“Ah! NO! I don’t want to see!” I recoiled from him and made an icky face.

“You need to see,” he said in a dad voice that he pulled from somewhere inside of himself. So I reluctantly looked at his screen where he’d pulled up a billion terrifying images. “Okay, so I’ll monitor for those and-”

Doctor H smiled, “good, good, do a skin check once per week. Also, make sure you check your vagina and anus. My neighbor got Melanoma in her vagina and she didn’t see it for a long time. She died.”

The room was quiet for a second, uncomfortably so. I took a deep breath, “okay, well that’s not terrifying or anything.”

“No big deal,” he smiled, “but skin checks are important and you should be thorough.” And I imagined myself walking down the street holding my vagina open like a skirt and asking everyone, “Notice anything a little off?”

Then, Doctor H began wrapping up and I remembered that he was a skin expert so I had to ask, “how can I look young forever? I’ve never seen a dermatologist before. What can I do to have vampire skin?”

“Well,” he smiled, “a retinoid cream, sunscreen always, and drink a lot of water.”

“What about chemical peels?”

“those are good to do a few times per year.”

“Mineral or chemical sunscreen? I’m sorry, I know you have other people to see but just need to know.”

“Mineral works well and has fewer chemicals so if you like the natural route, go with that.”

“Can I use oil to clean my skin? I do. Is it wrong? Am I ruining my face?”

He gathered up his papers and stared at me like he knew if he didn’t get away soon, I’d keep him there all day. And it was true. I had twenty years of fashion and beauty magazine consumption rattling around in the back of my head and I wanted, no, needed, to debunk everything I’d ever heard.

“Don’t use Olive Oil, turns out that’s actually very drying and not good for your skin for a number of reasons. Coconut oil, however, is great. If you don’t break out, then go for it.”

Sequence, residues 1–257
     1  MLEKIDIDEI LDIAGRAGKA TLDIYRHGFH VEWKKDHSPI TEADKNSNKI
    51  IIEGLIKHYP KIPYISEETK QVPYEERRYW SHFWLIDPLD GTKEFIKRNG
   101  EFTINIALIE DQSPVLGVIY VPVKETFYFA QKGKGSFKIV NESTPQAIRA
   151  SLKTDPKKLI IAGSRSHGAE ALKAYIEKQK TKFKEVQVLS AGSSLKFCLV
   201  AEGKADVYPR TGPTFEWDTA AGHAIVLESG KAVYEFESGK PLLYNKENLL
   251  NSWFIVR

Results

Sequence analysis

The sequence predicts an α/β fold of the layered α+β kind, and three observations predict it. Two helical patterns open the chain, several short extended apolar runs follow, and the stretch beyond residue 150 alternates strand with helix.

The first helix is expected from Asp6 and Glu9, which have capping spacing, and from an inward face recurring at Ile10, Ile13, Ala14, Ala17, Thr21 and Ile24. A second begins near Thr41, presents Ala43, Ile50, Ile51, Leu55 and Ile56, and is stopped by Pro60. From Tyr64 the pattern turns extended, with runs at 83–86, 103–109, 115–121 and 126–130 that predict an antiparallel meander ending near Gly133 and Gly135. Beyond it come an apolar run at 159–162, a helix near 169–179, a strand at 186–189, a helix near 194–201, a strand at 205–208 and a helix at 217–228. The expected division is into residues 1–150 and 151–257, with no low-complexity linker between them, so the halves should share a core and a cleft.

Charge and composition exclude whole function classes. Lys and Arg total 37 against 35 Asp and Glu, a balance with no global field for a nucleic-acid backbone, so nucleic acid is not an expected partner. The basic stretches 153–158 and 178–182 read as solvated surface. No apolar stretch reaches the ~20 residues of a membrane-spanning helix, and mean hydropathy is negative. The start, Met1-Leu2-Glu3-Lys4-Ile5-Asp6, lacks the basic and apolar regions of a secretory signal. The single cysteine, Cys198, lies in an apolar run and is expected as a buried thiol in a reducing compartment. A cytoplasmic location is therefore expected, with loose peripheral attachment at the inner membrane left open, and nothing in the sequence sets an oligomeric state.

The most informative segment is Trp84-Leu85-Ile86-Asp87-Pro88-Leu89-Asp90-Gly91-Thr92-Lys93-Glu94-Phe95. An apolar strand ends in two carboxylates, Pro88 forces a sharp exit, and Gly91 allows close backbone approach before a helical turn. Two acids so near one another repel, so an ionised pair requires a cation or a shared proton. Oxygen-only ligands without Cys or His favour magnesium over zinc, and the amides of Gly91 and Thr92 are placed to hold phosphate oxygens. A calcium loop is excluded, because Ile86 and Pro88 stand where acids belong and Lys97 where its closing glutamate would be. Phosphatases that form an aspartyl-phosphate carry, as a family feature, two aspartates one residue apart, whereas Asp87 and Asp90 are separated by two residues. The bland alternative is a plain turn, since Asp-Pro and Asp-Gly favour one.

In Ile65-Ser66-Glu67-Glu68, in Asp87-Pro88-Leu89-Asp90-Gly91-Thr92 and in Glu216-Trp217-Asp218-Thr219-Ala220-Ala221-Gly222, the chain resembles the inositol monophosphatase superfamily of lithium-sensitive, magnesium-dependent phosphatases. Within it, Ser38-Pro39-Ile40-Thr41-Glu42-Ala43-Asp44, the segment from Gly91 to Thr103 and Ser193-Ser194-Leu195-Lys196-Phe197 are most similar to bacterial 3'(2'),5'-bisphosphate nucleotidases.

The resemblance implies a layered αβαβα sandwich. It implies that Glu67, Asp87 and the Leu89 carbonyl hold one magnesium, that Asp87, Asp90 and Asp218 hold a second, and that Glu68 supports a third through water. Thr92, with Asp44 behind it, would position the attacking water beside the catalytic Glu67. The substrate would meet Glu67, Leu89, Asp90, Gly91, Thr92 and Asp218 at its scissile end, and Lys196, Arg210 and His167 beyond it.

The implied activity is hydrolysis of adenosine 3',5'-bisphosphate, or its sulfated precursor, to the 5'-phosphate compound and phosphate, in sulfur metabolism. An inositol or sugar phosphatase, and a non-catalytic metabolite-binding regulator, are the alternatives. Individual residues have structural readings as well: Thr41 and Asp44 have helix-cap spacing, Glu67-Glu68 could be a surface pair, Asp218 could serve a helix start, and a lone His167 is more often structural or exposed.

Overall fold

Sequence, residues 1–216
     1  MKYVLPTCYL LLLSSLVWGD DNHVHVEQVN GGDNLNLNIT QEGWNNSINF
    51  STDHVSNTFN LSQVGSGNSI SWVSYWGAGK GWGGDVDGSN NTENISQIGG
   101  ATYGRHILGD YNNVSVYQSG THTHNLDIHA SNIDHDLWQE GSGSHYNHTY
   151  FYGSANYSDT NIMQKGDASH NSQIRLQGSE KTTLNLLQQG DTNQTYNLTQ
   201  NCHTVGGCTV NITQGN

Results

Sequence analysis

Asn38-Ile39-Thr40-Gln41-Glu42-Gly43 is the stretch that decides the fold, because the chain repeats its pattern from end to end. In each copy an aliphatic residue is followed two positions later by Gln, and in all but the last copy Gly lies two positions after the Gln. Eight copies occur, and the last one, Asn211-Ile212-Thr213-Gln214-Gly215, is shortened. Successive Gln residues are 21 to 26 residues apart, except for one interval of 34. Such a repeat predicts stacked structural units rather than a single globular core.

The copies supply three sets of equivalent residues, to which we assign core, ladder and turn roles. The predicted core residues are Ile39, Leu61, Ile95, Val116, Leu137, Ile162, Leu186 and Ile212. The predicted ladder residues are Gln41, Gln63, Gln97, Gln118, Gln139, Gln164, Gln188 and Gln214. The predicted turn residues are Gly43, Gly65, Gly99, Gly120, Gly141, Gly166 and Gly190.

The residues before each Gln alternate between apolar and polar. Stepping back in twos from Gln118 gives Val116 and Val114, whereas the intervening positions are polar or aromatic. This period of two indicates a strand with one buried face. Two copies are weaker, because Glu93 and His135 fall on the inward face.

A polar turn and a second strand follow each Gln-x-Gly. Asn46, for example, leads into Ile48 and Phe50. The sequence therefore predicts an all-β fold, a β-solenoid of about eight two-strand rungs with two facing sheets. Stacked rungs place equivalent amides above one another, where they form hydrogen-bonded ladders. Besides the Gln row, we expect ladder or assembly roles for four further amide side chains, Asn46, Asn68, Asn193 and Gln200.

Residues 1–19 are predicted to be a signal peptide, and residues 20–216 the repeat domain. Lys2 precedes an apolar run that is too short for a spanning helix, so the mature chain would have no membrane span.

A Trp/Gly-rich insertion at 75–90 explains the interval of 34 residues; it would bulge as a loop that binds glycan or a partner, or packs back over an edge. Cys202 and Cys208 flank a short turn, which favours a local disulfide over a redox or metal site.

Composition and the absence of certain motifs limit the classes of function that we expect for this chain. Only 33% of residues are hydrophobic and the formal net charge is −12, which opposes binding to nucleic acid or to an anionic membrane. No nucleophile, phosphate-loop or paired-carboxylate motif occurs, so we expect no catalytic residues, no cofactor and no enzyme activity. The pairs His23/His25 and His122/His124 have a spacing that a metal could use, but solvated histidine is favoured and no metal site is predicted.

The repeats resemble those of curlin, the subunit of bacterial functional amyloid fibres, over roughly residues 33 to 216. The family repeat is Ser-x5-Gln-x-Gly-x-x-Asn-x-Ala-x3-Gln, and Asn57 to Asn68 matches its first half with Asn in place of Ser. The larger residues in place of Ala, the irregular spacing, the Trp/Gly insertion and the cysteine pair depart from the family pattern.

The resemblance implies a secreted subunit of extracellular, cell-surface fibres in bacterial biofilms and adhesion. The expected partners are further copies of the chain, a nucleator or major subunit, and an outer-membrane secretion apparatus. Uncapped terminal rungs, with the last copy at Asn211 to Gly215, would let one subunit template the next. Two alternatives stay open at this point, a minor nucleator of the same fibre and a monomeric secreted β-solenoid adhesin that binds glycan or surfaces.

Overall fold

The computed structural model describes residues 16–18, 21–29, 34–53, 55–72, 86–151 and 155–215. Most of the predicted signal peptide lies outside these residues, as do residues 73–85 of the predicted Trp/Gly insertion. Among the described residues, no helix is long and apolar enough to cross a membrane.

And then he escaped.

I learned how to take better care of my skin and that you need to aggressively monitor your vagina so it doesn’t kill you.


Ho Ho Whore Nuts

It’s that time again, where parents encourage an overweight stranger to touch their children and whore nuts are all the rage at Whole Foods. No, it’s not one night in Bangkok, it’s Christmas.


I read this as “Whorehouse Nuts” and I was like, I don’t know what this is but I need it.

I love Christmas. I hate it. I’m conflicted. Christmas is a struggle for me because I feel split between two different parts of myself: Little kid me and the jaded asshole I’ve become. On one hand, Christmas was a big holiday for me growing up. My mom loves it, more than loves it, she’s  essentially a Christmas elf, in both her physical size and joy. Every year, her home explodes into what can best be described as a Christmas cornucopia. When she’s not actively decorating her house to look exactly like Santa’s workshop, she maintains the Christmas spirit by blasting Manheim Steamroller in July. Honestly, the only thing she’s lacking is real Santa and a fleet of flying reindeer.

Because of my mom’s unbridled enthusiasm for the holidays, there’s a part of me that is filled to the brim with nostalgia come December. I love Jingle Bell Rock, holiday cheer, and decorating my tree. However, there’s an equal part of me that loathes the whole thing. I really struggle with the waste, consumerism, and the fact that it’s become a giant corporate clusterfuck. I’m also not religious. However, I’m positive that Jesus wouldn’t approve of us celebrating his B-day with 2 billion tons of wrapping paper in a landfill and a discounted Walmart Kitchenaid Mixer.